A Singer Becomes a Writer
Writing novels is very much like acting. The writer convinces the reader that what we all know is unreal can be accepted as real, at least for the moment. The place, the people, and the plot all spring from that magical source, the conjurer’s imagination, an alchemy of word, gesture, setting, and event. If the actor–or the writer–can entice the audience to join her on the creative journey, story happens.
I have the great good fortune of enjoying two artistic careers. I was a classical concert and opera singer in the first act of my life, and not only did I love singing–still love singing–but opera gave me many skills I use all the time as a novelist. An opera singer is an actor; an actor learns about tension and release, about creating drama, about building a scene, and perhaps most critically, character development.
My first novel was published, to my surprised delight, in 1995, and since then I’ve been publishing steadily, sometimes against the odds. The Terrorists of Irustan represents my passion for feminist social science fiction, and The Glass Harmonica my love of music, as does The Singers of Nevya. The Child Goddess speaks to both my love of children and concern for those who are abused or abandoned, and to my fascination with religious life. The three Toby Bishop novels set out in a different direction, but the undercurrent of feminism still flows through them, with women characters who believe in their own destiny and refuse to give up control of their lives. There is no music, but there are horses and dogs and a faintly operatic sense of drama that is consistent with my other work.
I think, no matter how varied our experiences, we writers express our world view in the stories we undertake. My novel Mozart’s Blood returns to my interest in music and history, with a dash of spice from the world of speculative fiction. The Brahms Deception combines romance, history, and music, facilitated by time travel. My stories are set sometimes in the past, occasionally in the future, and often, especially with The Glass Butterfly, in a rather strange and mysterious present. I hope not to be restricted to any one genre, because so many of them interest me.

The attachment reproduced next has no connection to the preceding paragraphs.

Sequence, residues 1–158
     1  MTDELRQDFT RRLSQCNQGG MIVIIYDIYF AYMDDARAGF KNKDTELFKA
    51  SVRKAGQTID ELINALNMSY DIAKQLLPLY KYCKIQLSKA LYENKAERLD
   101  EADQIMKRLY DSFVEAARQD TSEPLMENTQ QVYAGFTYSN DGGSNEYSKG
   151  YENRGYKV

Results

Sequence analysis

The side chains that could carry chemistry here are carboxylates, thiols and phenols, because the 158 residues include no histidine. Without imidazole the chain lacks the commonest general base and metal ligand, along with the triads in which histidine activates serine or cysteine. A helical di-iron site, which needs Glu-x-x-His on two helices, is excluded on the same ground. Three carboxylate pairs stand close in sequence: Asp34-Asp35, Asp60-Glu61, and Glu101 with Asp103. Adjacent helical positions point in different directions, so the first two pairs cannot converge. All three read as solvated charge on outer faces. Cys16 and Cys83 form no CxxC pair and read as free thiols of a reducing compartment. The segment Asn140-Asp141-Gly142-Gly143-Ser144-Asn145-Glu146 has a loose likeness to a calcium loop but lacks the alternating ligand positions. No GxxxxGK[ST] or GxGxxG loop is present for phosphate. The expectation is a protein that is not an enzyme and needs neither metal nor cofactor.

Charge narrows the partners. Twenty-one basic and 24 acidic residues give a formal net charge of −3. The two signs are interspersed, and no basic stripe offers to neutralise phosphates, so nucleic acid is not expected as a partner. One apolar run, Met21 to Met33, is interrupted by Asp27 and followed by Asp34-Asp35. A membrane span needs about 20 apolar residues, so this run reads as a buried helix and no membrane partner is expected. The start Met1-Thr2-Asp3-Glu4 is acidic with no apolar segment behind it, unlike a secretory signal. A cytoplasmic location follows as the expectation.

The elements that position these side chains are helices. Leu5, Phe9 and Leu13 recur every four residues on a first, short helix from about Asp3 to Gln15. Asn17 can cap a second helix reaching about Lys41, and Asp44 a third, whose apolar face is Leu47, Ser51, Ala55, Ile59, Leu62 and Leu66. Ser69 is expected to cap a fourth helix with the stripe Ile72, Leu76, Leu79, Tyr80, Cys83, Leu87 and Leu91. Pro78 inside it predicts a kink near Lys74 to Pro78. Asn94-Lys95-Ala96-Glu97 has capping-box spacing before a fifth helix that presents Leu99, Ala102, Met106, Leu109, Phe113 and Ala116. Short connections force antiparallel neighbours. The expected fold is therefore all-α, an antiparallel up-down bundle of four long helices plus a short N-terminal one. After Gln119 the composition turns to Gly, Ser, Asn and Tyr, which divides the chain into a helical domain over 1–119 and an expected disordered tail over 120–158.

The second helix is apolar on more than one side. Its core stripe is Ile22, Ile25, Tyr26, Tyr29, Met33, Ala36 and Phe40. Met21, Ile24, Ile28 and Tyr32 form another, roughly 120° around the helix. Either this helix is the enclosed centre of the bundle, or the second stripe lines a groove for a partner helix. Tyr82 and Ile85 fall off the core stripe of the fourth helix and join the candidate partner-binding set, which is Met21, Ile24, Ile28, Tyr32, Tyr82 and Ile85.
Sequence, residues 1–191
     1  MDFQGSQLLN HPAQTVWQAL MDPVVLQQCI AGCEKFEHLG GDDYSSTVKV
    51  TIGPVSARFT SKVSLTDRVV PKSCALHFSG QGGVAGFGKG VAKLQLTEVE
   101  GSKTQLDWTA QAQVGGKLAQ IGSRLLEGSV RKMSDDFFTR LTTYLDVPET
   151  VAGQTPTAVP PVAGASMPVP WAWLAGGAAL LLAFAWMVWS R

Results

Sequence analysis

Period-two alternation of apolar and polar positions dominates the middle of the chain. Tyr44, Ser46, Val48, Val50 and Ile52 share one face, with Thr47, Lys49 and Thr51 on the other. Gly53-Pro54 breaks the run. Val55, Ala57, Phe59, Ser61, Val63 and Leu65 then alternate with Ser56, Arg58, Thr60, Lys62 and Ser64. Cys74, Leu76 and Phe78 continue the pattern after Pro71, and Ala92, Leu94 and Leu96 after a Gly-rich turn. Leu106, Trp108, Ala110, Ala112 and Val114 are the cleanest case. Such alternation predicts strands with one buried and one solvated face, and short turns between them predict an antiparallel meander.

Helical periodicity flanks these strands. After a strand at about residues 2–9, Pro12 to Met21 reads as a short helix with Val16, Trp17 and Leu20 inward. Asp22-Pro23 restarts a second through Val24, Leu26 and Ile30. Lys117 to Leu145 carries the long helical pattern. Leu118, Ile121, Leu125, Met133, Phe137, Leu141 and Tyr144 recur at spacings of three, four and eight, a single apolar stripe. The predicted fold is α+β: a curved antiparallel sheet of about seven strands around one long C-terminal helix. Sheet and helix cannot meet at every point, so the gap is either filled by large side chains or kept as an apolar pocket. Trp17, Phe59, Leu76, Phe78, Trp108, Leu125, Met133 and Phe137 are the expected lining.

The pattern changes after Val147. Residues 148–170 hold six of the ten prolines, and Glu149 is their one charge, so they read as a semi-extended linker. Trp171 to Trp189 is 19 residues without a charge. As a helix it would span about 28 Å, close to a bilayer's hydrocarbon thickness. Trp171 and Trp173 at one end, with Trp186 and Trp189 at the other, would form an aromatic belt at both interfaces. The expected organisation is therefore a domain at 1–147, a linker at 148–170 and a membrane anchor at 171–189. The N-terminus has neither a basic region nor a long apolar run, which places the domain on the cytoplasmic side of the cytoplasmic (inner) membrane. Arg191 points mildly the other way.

As Cate Campbell, I’ve published three novels in the Benedict Hall series, which is historical fiction about a wealthy family in Seattle in the 1920s, featuring a young woman physician. More recently, the novels A Secret History of Witches, The Witch’s Kind, and now, The Age of Witches are published under the name I truly love, Louisa Morgan.
I’m fortunate to live in the Pacific Northwest, where there is an abundance of resources for writers. The Clarion West Writer’s Workshop was pivotal in my development as a writer, and there is a whole host of people here who support and encourage each other–science fiction great Greg Bear, the late Vonda McIntyre, the fantasist Robin Hobb, Kay Kenyon, Richard Paul Russo, Brenda Cooper, Cat Rambo . . . too many to list them all. Where I now live the entire town is filled with every kind of artist, and it’s a daily inspiration.
I’m an enthusiastic cook with an interest in health food, an avid yogini, and a happy golfer, although it takes up too much of my writing time. I love to dabble in languages. I speak a fair amount of Italian and am working on my French. I read a great deal for pleasure, because I think if I don’t read for fun, I won’t write for fun. Books should be fun.
I love to visit middle schools and high schools to talk about writing and about speculative fiction. I appreciate e-mails and notes from readers. I also love conventions and conferences, and the fans and writers who attend them. They give me inspiration, input, community, and friendship.
This photo is me as Baba the Turk, a bearded lady. Not one of my greatest roles! The beard itched.